'LONG-TERM SHIELD OF UK DETERRENT'

The Times – 19 January 1993

"Although the [Start 2] agreement virtually wipes out Moscow's ability to launch a first strike attack,"

according to your correspondents in Washington and Moscow (report, January 5),

"it only sharply reduces Washington's capability to do so."

Yet, neither country can possibly destroy enough of the other's nuclear warheads to prevent unacceptable levels of retaliation. Nor will this be probable by the year 2003, when START 2 is due to be implemented, if each retains the 3,000-plus strategic warheads allowed by the treaty.

None of this affects Britain's Trident programme because, unlike Russia and America, we have a policy of minimum nuclear deterrence. It is based on five key principles:

1. As nuclear warheads are weapons of mass destruction, unacceptable levels of destruction can be inflicted by quite small numbers. Additional quantities may serve a political purpose in great power confrontations, but they do not serve a military purpose.

2. The choice of warhead totals for a minimum deterrent is, therefore, a technical question, entirely unrelated to the size of the present or future surplus "overkill" capacity of the great-power arsenals.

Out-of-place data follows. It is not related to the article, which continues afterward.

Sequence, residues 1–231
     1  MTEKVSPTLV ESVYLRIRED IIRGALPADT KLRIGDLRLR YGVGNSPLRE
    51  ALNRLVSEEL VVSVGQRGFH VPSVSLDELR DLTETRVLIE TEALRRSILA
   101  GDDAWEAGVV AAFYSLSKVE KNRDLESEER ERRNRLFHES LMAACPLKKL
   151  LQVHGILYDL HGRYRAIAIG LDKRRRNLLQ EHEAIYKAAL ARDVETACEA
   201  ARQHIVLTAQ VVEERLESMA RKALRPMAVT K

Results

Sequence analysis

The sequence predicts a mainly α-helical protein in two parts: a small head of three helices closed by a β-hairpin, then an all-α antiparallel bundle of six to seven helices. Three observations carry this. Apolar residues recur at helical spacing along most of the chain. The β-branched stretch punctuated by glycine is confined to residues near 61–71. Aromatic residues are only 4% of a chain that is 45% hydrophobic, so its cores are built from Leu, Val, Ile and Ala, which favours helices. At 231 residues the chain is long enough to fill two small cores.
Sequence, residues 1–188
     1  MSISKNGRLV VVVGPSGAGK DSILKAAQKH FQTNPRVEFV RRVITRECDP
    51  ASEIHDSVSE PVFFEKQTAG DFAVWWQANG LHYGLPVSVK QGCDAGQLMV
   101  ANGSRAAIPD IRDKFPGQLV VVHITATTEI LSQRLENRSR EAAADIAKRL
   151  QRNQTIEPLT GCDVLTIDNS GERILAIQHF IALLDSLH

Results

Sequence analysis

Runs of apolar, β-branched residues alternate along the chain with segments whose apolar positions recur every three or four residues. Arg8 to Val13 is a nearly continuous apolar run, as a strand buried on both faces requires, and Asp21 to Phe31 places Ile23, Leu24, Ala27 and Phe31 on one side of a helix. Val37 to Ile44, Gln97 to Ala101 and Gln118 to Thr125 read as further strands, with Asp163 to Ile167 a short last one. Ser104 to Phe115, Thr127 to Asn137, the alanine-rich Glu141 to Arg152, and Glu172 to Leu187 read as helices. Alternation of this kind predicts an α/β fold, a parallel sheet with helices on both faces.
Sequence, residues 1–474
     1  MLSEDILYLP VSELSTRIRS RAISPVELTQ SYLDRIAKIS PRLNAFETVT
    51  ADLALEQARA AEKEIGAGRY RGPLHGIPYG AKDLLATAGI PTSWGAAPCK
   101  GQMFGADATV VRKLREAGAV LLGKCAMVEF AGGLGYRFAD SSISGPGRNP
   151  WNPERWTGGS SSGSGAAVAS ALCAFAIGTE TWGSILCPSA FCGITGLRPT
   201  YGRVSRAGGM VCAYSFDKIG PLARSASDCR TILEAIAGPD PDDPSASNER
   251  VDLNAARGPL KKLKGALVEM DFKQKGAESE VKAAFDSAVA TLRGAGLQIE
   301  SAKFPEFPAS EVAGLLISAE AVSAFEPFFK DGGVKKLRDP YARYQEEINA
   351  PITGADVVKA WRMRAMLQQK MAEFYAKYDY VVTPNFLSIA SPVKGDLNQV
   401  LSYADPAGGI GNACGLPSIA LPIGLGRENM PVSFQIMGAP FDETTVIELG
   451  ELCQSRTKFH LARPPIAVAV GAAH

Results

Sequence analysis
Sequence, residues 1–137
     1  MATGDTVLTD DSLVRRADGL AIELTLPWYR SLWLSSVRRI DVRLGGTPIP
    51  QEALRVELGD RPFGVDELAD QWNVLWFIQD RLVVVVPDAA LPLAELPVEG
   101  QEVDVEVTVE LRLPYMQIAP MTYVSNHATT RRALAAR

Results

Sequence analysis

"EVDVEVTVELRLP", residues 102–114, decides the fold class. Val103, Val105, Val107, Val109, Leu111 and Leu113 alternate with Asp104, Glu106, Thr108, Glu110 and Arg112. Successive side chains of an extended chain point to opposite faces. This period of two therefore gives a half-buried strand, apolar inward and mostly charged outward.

3. The system must be flexible enough to defeat any technical counter-measures which may be deployed or developed: it must constitute a minimum deterrent at the end of its lifespan, not just at the beginning.

4. Warhead totals must be determined irrespective of short-term political predictions, such as those relied upon by Messrs. Pullinger and Mackie (letters, January 8). Such predictions could easily be falsified within the lifetime of the system.

5. With a submarine-based deterrent, the number of warheads considered must be the total guaranteed to be at sea at any one time, not the total carried on the entire fleet. In the case of Trident, this will mean just one boat (with its proposed maximum of 128 warheads) if and when Start 2 comes into effect.

The Trident system will have to protect this country for at least 30 years: more than twice as long as the rise and fall of Nazi Germany. Cuts in surplus capacity are politically desirable, but militarily irrelevant to Britain's minimum deterrent.

Dr JULIAN LEWIS
Deputy Director
Conservative Research Department
London SW1